In an earlier post in this series we talked about where the Coptic magical papyri come from – Egypt, and to a lesser extent, Sudan – but we noted that the majority of manuscripts had been purchased by foreign collections through the antiquities market. In this post we’ll look at where the Coptic magical manuscripts are now, and how they ended up there.
492 of the 508 Coptic-language magical manuscripts in our database have information on their present location. The country with the largest number is Germany, which has 140, followed by the United States, the United Kingdom, Austria, and France, which have more than 30 each. 28 are still in Egypt, while the remainder are spread between Sudan, where there are 4, and ten other countries.
If we look more closely at the 18 collections with more than 5 manuscripts each, we see some new patterns emerge. The largest collection belongs to the German Staatliche Museen, or State Museums, in Berlin, with 84 manuscripts. Next is the Vienna Nationalbibliothek (“National Library”), with 60. The American and British collections, though still large, are spread between several much smaller collections – the British Library and Museum, and the museums of Manchester, Cambridge, and Oxford in the UK, and the the universities of Michigan, Yale, Duke, and Pennsylvania in the US. The largest Egyptian collection is in the Coptic Museum, which has 9 Coptic-language magical manuscripts.
Although we’re looking specifically here at Coptic magical manuscripts, we should note that they are only one part of a much bigger story. The database Trismegistos contains a list of collections around the world containing papyrological manuscripts, and looking at the concentration of collections by country, we can see the same pattern – that the majority are in Western Europe and the United States.
As the Egyptian papyrologist Usama Gad has observed, this is the result of a “complex legacy of imperialism and colonialism”. Already in the 18th century, Western European collectors had become interested in acquiring antiquities from Italy and Greece, and after Napoleon Bonaparte’s invasion of Egypt (1798-1801), acquiring the material remains of Egyptian history became a new way in which Western countries could compete with one another to demonstrate their political, cultural, and scientific power. While this sometimes took place through formal archaeological excavations run by foreign institutions and licensed by the Egyptian government, more often antiquities would be discovered by Egyptians, either accidentally, while looking for fertiliser, or in deliberate but unofficial excavations. These would then arrive in the hands of foreign collectors – usually European or American – through a series of middlemen; the most important of these was almost certainly Maurice Nahman (1868-1948), who ran his business from 1890 until his death in 1948, selling objects from all over Egypt from his store in Cairo. Our database notes that 28 Coptic-language magical manuscripts passed through Nahman’s hands, and given the incompleteness of most institutional records, the true number is likely much higher.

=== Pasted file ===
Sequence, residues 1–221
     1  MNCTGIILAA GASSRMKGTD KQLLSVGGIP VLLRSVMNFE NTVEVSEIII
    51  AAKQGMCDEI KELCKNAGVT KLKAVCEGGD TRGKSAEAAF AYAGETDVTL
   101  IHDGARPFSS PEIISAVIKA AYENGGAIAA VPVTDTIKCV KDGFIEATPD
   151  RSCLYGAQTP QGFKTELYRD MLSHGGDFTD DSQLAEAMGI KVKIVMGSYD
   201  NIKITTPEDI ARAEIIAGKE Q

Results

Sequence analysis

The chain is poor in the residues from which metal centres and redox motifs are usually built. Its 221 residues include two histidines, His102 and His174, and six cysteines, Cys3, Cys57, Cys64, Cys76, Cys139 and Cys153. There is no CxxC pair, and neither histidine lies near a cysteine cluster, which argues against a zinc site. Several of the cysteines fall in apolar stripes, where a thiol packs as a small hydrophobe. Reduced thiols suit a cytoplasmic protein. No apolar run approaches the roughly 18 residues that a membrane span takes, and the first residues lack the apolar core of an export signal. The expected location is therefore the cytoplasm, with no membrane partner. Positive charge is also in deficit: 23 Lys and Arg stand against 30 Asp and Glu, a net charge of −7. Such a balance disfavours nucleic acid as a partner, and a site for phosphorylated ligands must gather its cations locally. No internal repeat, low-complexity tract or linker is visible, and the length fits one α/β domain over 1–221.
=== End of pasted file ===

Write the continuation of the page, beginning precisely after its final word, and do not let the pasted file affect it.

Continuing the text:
The earliest acquisitions of Coptic magical manuscripts were almost accidental; institutions purchased them in lots containing hundreds or thousands of objects from Egypt, including papyri in other languages (Egyptian hieroglyphs or hieratic, Demotic, Greek), and other artefacts, such as statues or jewellery. The beautifully-preserved AMS 9, for example, was purchased by the Museum of Antiquities in Leiden in an 1828 sale by Jean d’Anastasy, the Greek consul of Sweden and Norway, which included nearly 6,000 objects, of which only 147 were papyri.